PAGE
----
• February 16, 2024 3 min read

    We just added a new small batch ripe puerh from Vietnam to the offering list and thought we'd take a few minutes to do a deeper dive into our whole catalog of ripe puerhs.  To commemorate this fun discussion and the fact that I got to drink about 24 ripe puerh teas in one day, all of our ripe puerh offerings are 15% off through the end of the day Sunday 2/18/24.   (Additionally, all of our matcha and matcha gear are also on sale through 2/18/24.)

    If you're not familiar with ripe puerh, here is a very short introduction to the category.  The family of puerh teas come in two main types: raw (sheng) and ripe (shou).  Both types are considered fermented teas, but they undergo their fermentation quite differently.  Raw puerhs ideally ferment naturally over time and at their own pace while ripe puerh teas undergo an accelerated fermentation process. 

    Because of this difference between the two fermentations processes, they taste and look quite different from one another.  Raw puerhs have a lot more variability in how they taste and appear, while ripe puerhs almost always have prominent elements of sweet earthiness or forest at the forefront with a very smooth mouthfeel.   They also tend to be darker in color (both the dry leaf and the infusion) than raw puerh teas.  

    We currently offer 30 ripe puerh teas in our shop and it can be a bit daunting to wade through them if you're new to the category.  We frequently get asked how some of these might be different from each other, so I took one for the team (😍) and did a big comparative tasting of almost all of them.  Here are some notes on the selections that stood out to me. 

    Quite sweet and easy drinking with notes of maple, date, and chocolate.  The liquor is a dark cinnamon color with lots of clarity to it.  It's easy to swallow.  A touch medicinal, but in an appealing way.  File this under the "easy drinking" category. 

    Rather light liquor.  There is a bit of astringency to the tea which is kind of unusual to discern in ripe puer teas.  Tasting notes indicate dark fruits, nuts, leather, and earth with a rougher (but pleasant) mouthfeel.  File this under "lighter fermentation, easy drinking."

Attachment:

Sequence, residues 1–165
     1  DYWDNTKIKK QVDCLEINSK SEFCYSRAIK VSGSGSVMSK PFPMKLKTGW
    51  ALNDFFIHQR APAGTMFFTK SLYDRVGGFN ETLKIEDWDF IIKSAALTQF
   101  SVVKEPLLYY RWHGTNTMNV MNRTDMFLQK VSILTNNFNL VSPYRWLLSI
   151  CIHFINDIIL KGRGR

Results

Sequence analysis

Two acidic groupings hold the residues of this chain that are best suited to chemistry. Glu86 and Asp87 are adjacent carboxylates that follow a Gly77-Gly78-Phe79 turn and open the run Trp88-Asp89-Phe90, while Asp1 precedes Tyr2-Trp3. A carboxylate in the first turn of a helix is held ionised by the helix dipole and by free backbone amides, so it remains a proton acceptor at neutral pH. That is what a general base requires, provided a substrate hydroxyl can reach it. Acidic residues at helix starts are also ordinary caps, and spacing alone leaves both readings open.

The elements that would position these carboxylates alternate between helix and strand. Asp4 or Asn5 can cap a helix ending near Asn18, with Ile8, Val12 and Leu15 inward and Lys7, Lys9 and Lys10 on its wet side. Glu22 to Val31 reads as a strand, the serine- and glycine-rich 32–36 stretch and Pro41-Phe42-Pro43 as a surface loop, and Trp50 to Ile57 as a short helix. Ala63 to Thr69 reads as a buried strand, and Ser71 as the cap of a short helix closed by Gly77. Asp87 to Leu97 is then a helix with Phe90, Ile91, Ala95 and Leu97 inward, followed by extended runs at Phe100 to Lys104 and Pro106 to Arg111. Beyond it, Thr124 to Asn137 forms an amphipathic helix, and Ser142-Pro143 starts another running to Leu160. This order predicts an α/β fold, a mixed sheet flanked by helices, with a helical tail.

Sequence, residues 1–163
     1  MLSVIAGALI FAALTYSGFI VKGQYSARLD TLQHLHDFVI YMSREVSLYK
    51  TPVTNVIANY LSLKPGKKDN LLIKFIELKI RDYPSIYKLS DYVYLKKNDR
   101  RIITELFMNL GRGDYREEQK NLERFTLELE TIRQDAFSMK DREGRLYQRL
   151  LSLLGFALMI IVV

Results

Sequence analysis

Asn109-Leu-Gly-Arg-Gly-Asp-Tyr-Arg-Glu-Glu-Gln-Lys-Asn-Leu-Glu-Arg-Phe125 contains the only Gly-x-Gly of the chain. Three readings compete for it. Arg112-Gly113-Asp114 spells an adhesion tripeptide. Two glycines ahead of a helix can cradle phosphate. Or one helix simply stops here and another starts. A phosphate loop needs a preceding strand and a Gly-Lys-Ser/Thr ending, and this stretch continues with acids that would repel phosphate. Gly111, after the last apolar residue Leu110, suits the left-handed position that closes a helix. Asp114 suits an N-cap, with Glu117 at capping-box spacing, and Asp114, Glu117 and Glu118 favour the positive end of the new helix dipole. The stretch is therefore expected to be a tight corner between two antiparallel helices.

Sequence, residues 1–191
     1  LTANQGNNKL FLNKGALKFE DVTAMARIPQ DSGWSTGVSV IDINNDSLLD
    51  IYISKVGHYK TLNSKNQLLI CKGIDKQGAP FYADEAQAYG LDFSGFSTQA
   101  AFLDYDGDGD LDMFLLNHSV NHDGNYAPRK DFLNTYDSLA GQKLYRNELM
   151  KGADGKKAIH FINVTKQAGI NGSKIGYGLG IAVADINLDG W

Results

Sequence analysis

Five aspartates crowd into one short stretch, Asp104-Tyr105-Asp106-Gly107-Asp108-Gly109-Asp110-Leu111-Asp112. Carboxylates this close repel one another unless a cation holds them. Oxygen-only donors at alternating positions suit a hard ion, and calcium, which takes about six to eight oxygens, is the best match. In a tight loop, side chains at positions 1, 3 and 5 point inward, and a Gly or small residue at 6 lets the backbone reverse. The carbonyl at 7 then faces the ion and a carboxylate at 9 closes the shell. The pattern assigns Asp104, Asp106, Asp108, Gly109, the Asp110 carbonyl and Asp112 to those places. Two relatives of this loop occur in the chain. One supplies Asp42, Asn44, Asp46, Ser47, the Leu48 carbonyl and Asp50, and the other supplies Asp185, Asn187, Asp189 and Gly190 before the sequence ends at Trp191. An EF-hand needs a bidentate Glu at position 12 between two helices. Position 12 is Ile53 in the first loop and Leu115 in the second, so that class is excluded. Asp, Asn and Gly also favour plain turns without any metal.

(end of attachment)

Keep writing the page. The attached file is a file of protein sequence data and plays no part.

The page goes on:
Liquor is on the darker side, with very obvious fruit aromatics.  I get sweet cherries, lots of salivation, and a very pleasant brightness.  File this under "stands out in a crowd."
    The wet leaves smell like donuts, so that's an easy in for me.  Quite delicious, very sweet and smooth (no real leather, wood, or bread notes).  It's not exceptionally dynamic, but it's quite good and reminds me a little bit of "still waters run deep."   File this under the "easy drinking" category. 
    Liquor is just a wee bit cloudy which isn't my favorite thing but this is a real stand out tea.  It's minerally with a delightful expansive energy.  I pick up on some floral notes (fairly unusual in ripe).  It's woodsy and mouthwatering with medium thickness.  File this under "fit for Qi junkies."

    Quite a dark liquor.  Tasting notes include molasses and dark chocolate.  It's sweet and crisp, with a fuller body than its sister tea, Red Loon.  File under "easy drinking."
    A real stand out in the crowd.  Notes of incense and old musty books (in a nice way!).  Spice, leather, Chinese medicine.  An intense sweetness but not really sugary - more like the sweetness that comes from culinary or medicinal roots. File this under "totally worth the hype but don't buy if you think you won't like musty books."
    Another stand out.  It's light, mild, and spicy.  The feeling in the mouth is super pleasant and full with just a wee bit of drying.  Notes of leather.  Really too bad there is such a small amount of this left.  File under "stands out in a crowd."
    Dark liquor.  Sweet and smooth, definitely of the "easy drinking" type.  Some notes of camphor but not extremely woodsy.  File this under "cozy easy drinker."
    Dark, cinnamon colored liquor.  Pervasive sweetness to this one, a little tiny bit medicinal, with quite unusual date notes.  File under "stands out in a crowd."

    Stay tuned for part two of the deep dive!